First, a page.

Tuesday, April 28, 2015

All's well.

The house is still there, no trees down, not overrun with mice, no burst pipes. We had a grand time, although brief, and Ed went up a ladder and cleared the gutters of a winter's accumulation of soggy leaves, a good job done.

He drove our car (on his insurance) both ways, requiring it to move rather more briskly than is its wont. It, and we, are safely home – but then I began to wonder, will I have speeding tickets in tbe post in the next week? It's not policemen on motorcycles any more, as in the New Yorker cartoons; it's those cameras. In the immortal line from Fawlty Towers, spoken by Mr O'Reilly, “If the Good Lord had meant us to worry, He'd have given us things to worry about.”

It is hard, generally speaking, to track the downward trajectory which I mentioned the other day – but there was an opportunity. My husband is frailer and slower than when we were last in Strathardle, six months ago; there were lots of little ways to measure it.

I had intended to gather and cook “horta” (=dandelions) but never got around to it. Rachel was dubious – she thinks they must have a special kind of dandelion in Greece. But I did come back with a nice bagful of wild garlic. There's a splendid stand of it, discovered only last year, just where the drives to Cnoc Sualtach and the Borland leave the main road. Alexander pinches his from the Duke of Argyll.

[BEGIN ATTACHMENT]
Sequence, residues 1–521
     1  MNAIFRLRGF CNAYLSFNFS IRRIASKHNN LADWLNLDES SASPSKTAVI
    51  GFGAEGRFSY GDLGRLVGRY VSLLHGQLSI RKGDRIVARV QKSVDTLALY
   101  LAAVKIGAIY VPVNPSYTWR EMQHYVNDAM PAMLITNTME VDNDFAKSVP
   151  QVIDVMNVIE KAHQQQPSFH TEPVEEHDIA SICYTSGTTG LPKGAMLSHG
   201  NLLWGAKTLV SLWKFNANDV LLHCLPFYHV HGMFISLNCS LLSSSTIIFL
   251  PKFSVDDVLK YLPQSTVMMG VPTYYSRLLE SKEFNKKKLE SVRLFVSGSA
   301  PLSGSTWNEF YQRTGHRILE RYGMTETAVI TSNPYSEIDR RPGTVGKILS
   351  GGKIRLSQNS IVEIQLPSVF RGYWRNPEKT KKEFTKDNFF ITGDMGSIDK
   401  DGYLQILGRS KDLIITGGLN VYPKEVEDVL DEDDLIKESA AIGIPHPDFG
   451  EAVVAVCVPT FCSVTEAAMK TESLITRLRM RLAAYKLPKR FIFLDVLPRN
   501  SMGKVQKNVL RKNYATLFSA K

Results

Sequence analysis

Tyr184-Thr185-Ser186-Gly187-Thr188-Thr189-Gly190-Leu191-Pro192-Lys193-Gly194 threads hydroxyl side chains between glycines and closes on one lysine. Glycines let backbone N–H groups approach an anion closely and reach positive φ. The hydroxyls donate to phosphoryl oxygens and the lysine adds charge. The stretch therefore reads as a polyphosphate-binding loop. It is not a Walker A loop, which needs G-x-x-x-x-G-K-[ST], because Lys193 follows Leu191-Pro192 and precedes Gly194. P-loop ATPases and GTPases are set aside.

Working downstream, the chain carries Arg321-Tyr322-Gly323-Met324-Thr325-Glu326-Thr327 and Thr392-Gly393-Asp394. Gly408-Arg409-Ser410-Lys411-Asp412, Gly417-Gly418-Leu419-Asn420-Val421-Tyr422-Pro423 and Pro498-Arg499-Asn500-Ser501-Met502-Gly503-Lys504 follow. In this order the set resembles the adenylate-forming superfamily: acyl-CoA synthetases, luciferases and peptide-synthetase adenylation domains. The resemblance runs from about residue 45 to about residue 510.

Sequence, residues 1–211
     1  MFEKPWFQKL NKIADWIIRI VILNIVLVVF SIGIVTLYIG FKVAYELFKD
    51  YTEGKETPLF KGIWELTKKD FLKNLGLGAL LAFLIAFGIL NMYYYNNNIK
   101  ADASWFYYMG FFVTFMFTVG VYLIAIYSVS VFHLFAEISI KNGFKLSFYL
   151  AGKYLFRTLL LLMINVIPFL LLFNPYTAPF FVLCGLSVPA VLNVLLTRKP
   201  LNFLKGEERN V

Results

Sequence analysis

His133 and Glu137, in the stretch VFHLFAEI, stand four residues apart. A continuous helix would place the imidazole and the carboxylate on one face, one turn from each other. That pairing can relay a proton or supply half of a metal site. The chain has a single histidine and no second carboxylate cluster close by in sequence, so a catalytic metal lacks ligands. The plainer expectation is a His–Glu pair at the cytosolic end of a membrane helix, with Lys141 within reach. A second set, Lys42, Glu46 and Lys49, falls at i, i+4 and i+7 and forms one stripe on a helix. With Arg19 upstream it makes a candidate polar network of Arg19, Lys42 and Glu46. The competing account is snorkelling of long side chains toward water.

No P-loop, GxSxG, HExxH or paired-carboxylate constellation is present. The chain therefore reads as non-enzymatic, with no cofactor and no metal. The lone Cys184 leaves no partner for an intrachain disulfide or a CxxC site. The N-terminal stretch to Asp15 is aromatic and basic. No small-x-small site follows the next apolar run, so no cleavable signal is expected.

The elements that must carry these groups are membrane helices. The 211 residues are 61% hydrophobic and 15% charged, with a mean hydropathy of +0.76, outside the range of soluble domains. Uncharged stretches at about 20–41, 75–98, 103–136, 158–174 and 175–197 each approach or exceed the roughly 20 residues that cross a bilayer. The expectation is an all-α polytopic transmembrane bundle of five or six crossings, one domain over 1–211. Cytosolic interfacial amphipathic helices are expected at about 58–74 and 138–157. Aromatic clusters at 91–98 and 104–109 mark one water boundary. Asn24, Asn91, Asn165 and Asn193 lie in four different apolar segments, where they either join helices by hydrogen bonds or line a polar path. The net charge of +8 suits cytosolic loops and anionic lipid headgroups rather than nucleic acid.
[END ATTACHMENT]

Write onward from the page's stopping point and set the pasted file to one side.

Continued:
I made a succesful spinach soup last night with a generous admixture of wild garlic. I've looked up recipes this morning for the rest of it – there are so many and they sound so interesting that I think we'll have to go back. It doesn't last. A couple more weeks, and it will disappear for another year.

No knitting took place whatsoever. I had sort of thought of starting another pocket square.

There was a new VK on the mat when we got back, however. I like those socks, no 17, except that it is against my religion to knit socks from patterns. I lie back and let the yarn do the work. Meg's article on the fundamental issue of decreasing is interesting, with a little variation on ssk which I mean to try. Debbie Newton's article on oversizing will repay more study. I haven't read Nancy Bush on Haapsalu yet. I think I've heard it all already, but I must try. A meaty issue, despite summer patterns.

Shawls are everywhere just now, aren't they?

Some of the new books sound interesting, too – as if I had room for them. (Ruth Rendell is fine on the iPad; knitting, no.) Amazon reinforced the temptation with an email message this morning – they've got good algorithms down there at Amazon.